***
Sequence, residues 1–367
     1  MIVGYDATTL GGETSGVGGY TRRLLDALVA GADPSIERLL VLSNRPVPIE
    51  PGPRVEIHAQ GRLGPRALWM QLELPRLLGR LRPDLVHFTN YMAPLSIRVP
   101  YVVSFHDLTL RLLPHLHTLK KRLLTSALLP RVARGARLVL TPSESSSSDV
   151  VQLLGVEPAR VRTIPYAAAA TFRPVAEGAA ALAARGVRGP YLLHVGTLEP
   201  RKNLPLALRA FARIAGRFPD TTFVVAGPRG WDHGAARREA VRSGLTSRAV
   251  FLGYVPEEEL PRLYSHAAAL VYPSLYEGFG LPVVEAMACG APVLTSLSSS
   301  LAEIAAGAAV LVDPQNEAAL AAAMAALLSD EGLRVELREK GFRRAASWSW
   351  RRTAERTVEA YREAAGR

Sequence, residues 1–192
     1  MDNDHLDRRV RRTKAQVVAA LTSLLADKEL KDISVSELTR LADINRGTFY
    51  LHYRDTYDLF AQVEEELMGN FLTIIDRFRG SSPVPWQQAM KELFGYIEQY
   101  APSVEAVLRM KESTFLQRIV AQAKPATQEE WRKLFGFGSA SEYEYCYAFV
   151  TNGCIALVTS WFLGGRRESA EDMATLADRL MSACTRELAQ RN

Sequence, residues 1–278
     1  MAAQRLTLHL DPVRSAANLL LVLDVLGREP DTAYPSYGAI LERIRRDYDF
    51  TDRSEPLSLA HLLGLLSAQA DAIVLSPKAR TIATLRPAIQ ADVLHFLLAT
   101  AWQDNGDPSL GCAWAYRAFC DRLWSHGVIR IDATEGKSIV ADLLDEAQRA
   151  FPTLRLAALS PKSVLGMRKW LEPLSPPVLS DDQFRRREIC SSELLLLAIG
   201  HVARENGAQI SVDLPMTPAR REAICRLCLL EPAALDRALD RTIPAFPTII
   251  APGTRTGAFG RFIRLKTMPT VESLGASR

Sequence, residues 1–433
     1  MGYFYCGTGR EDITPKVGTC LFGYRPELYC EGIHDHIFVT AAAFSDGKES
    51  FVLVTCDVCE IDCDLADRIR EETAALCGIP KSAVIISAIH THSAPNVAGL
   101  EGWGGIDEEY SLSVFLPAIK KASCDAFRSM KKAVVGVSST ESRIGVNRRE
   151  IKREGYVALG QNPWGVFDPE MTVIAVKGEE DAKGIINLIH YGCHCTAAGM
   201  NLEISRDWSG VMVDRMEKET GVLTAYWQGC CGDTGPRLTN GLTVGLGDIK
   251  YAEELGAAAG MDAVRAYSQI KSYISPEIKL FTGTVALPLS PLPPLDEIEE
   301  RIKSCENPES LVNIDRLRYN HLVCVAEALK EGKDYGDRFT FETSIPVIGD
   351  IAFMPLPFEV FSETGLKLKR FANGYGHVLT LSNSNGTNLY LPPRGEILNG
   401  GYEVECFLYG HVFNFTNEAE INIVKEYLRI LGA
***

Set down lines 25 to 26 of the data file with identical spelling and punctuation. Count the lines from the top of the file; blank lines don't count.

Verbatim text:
   101  EGWGGIDEEY SLSVFLPAIK KASCDAFRSM KKAVVGVSST ESRIGVNRRE
   151  IKREGYVALG QNPWGVFDPE MTVIAVKGEE DAKGIINLIH YGCHCTAAGM